Member Since: January 26, 2007 Posts: 72 Comments: 6275
Quoting onoweather:
blizz- does 2-4 inches of rain still seem accurate?

I believe so, and I think a few people in the eastern half of Pennsylvania will see 4in+.
Member Since: December 14, 2007 Posts: 285 Comments: 15135
hpc excessive rainfall disco:

VERY DANGEROUS EXCESSIVE RAINFALL/FLASH FLOOD EVENT FOR THE
MID-ATLANTIC INTO NORTHEASTERN U.S...

...SETUP IS SOMEWHAT SIMILAR TO THE JUNE 26-29...2006 HEAVY
RAINFALL EVENT...

MIDLVL CLSD LOW OVR THE SRN APLCHNS WL MOV EWD AND THEN LIFT NWD
ON THU AS THE GRT LKS TROF PUSHES ESEWD. DVLPMENT OF A BROAD UPR
JET COUPLET IS UNDERWAY...WITH THE UPR FLOW TRANSITIONING TO A STG
ENTRNC REGION ON THU. XPCT VRY STG UPR DIFL/DVRG FLOW THAT WL
PROMOTE LRG SCALE ASCENT THRU THE REGION. CNVCTN AND ASSOCD HVY
RNFL IS ALRDY OCCURG OVR SC/NC AND WL CONT TO EXPAND/LIFT NWD TNGT
INTO THU AS TRPCL MSTR IS TAPPED. PWS ARND TWO INCHES ALNG THE
SC/NC COASTS WL LIFT NWD INTO THE NRN MID ATLC AS A LLJ
DVLPS/INTENSIFIES TNGT. PWS COULD RISE TO ARND 2.50 INCHES ALNG
THE SC/NC COASTS TNGT. THESE VALUES ARE 3-4 STDS ABV NRML. INCRSG
SRLY FLOW WL SUPPORT VRY STG MSTR FLUX/ISENTROPIC LIFT. 8H MSTR
FLUX ANOMALIES GRTR THAN 5 STDS ABV NRML ARE FCST BY THE SREF
MEAN...WHICH ALMOST ALWAYS LEADS TO BIG RNFL EVENTS. THE 8H V-FLUX
COMPONENT IS EVEN MORE ANOMALOUS DUE TO THE MERIDIONAL NATURE OF
THIS EVENT. MDLS CONT TO SHOW SFC LOW DVLPMENT ALNG THE SFC BNDRY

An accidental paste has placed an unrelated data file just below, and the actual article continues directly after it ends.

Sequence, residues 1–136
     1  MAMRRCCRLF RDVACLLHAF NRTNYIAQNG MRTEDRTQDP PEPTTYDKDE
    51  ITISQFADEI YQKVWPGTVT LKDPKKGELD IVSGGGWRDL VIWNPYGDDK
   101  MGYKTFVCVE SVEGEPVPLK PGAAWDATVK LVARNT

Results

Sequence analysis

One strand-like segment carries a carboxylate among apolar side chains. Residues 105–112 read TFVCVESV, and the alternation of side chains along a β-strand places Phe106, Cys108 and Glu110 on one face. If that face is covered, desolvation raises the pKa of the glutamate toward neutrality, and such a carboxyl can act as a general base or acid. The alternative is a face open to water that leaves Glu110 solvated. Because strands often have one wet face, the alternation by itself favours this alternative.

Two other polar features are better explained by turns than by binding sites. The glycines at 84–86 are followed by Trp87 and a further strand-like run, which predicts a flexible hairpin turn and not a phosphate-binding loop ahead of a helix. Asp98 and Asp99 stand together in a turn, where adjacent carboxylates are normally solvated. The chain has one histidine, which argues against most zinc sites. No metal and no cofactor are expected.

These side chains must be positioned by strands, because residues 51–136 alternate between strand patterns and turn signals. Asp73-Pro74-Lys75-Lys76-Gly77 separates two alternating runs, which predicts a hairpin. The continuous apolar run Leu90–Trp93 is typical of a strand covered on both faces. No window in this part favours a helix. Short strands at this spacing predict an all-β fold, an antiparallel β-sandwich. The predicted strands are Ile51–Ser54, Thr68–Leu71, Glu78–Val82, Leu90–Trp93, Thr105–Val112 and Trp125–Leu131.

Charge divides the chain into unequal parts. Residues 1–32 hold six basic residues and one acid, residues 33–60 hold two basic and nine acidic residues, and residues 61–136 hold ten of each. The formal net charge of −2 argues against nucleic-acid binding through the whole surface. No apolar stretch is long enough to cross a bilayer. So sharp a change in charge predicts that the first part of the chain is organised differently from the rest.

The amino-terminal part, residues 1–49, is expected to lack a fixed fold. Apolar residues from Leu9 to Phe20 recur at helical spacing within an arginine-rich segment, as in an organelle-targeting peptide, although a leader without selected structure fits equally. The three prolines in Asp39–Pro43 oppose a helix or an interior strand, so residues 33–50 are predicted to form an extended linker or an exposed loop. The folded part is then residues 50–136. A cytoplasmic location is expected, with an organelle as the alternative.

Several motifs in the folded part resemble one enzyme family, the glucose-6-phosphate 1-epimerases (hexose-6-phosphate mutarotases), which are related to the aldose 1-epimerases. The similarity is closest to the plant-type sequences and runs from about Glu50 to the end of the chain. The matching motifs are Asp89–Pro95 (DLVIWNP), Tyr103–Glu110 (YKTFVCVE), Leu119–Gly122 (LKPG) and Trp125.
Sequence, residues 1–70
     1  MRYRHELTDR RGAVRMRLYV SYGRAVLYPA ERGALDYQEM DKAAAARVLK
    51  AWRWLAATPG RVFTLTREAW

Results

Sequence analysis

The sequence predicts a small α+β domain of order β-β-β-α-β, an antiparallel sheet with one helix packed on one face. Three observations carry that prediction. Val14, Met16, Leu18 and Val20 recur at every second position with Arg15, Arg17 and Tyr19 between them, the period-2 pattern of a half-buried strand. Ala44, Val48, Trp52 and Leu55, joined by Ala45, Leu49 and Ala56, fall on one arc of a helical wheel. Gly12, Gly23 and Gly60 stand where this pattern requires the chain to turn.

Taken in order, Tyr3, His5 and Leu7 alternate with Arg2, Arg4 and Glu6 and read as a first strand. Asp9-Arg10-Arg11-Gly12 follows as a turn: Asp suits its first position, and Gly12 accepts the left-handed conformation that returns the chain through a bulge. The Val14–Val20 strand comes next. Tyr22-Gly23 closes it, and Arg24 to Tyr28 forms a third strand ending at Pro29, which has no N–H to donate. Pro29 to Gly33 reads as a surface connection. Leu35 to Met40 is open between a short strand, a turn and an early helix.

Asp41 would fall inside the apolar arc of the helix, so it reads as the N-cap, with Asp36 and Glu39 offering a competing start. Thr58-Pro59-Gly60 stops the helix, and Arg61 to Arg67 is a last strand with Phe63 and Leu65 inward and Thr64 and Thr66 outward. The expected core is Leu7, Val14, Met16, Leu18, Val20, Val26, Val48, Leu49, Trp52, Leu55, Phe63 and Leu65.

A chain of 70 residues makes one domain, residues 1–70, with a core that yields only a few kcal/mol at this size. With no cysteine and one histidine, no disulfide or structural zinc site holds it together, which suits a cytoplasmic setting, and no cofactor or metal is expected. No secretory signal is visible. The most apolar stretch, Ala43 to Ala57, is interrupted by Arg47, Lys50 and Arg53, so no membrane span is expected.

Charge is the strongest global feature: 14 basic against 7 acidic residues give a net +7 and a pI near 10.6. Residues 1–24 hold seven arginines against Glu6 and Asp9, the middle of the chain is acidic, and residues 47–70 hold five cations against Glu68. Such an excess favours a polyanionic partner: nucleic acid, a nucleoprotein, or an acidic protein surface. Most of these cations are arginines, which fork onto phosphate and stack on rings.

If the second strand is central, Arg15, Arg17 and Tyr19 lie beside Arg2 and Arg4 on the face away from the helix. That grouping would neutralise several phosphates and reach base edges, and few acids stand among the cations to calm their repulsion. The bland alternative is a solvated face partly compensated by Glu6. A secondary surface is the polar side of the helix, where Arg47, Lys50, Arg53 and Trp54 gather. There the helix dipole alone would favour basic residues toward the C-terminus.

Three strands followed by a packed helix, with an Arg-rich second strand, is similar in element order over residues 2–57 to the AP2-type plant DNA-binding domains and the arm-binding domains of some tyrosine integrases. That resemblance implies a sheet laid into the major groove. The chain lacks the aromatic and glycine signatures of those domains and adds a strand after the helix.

HUNG UP ALNG THE CST THAT WL INCRS THE LOLVL CVRG AS IT TRAVELS
NWD. LATEST EXPERIMENTAL HI-RES DENSITY PLOTS OF RNFL EXCEEDING
FFG ARE SHOW MOD-HI INDICES THRU THE REGION. SOME OF THE HI-RES
ARW/NMM FCSTS ARE INDICATG OVR 10 INCHES OF RNFL BY THU MRNG.
THESE MDLS TEND TO BE A LITTLE HI...BUT ARE IN STG AGREEMENT WITH
THE LATEST RDR EVOLUTION/DEPICTION. ALSO...THESE MDLS ARE USUALLY
PRETTY GOOD IN PLACING THE AREA OF HVIEST RNFL. RNFL RATES ARND
TWO INCHES PER HR ARE XPCTD WITH LCL TOTALS OF 5-10 INCHES BY THU
EVE...ESPCLY FM NERN SC NWD THRU ERN NC INTO THE DELMARVA AND
PSBLY ERN PA/NRN NJ.

i got over 6" out of the june 2006 event.


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blizz- does 2-4 inches of rain still seem accurate?
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Look at that stream of moisture, wow!
Member Since: December 14, 2007 Posts: 285 Comments: 15135
here is my mine has follow


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I don't believe at all that the refs favor the steelers. It just seems like when the steelers play the ravens play them something always happens because they hate each other. Either way im looking forward to a great game. Ray lewis is going to want to rip batch's head off.
Member Since: February 23, 2010 Posts: 0 Comments: 682
Here in Stamford CT., alot of rain passed up to our east, and alot went by to our west, moving almost due north, we got only, 0.55" from the whole event.
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Cornell University- Atmospheric Sciences Undergrad; Research Assist.- Onset of Spring Indices Toolbox; Interests- Small spatial scale climatolology